The Itron back office includes an MQTT broker that allows applications to publish messages on topics and other applications to subscribe to messages on particular topics. Itron uses a Java based enterprise software called HiveMQ.

Itron’s platform supports sensor endpoint generated bubble up messages as MQTT at the back office application layer. The sensor is implemented as a CoAP server. The Milli is configured via onboard settings for the MQTT delivery of persistent observes rather than via CoAP.  In this case the Milli still behaves as a CoAP proxy for any CoAP messages initiated from a CoAP client.

However, the Milli also behaves as a CoAP client and manages the a CoAP Observe across the serial port to the sensor CoAP server. When new data is sent, the Milli sends it to Gateway with special identification for delivery as an MQTT message. Gateway delivers the data to the MQTT Broker. The MQTT Broker then delivers the data to any application clients that have subscribed to the sensor data topic.

More information can be found on how to use the MQTT programmatic interface on the MQTT API page. 

One use case has a NIC as the CoAP proxy for sensors that are attached to it. The NIC also acts as a CoAP server for data that it provides, such as date, time, battery level, signal strength, or any other sensor data built into it. The intelligent endpoints and sensors are implemented as CoAP servers.

 

Sensors

Sensor devices communicate using CoAP through the NIC based developer kits. The NIC can be configured to route persistent observe data to Gateway and the CoAP API or it can route them to the MQTT Broker and the MQTT API. These messages are routed through the mesh via an access point (AP) or IoT Router WAN mode. A sensor device acts as a CoAP server and the application that consumes the .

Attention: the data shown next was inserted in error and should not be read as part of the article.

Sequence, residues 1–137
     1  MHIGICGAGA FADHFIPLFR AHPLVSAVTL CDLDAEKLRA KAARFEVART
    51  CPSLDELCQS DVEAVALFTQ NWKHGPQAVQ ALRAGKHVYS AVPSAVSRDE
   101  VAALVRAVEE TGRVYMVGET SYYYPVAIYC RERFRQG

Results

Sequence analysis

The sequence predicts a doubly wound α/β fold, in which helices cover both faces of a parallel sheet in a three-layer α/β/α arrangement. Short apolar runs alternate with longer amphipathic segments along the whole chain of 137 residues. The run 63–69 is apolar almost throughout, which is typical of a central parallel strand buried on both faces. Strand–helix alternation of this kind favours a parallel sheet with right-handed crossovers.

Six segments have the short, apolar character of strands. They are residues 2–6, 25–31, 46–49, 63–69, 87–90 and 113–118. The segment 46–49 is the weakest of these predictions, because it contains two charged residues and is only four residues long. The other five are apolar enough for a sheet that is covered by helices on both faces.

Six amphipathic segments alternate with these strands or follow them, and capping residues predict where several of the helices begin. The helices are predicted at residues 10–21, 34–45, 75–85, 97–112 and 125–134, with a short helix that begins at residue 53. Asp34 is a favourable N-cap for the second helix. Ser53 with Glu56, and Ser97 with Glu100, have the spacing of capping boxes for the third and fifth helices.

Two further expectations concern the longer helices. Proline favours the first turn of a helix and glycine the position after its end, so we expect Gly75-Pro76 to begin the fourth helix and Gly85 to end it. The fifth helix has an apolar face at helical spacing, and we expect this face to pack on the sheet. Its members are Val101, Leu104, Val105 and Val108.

A CoAP Client can still reach the sensor by sending CoAP requests to the CoAP Gateway using CoAP Gateway APIs. The NIC contains a CoAP proxy that communicates to an attached sensor via a UART interface using CoAP over HDLC. Embedded in the HDLC are CoAP calls that are handled by the sensor attached to the NIC. When the NIC is configured for MQTT for persistent observe responses it also acts as a CoAP client to manage the Observe. 

Any application command and control or on demand retrieval of sensor data should still be implemented as a CoAP client application. A CoAP protocol command is sent by the client to the Gateway which acts as a CoAP proxy. This communication with end devices is facilitated through the CoAP Gateway API. The persistent observe data however is managed by the NIC and delivered to the back office application as MQTT topics. These topics are then retrieved in the application layer by subscribing to the appropriate MQTT topics with the MQTT API.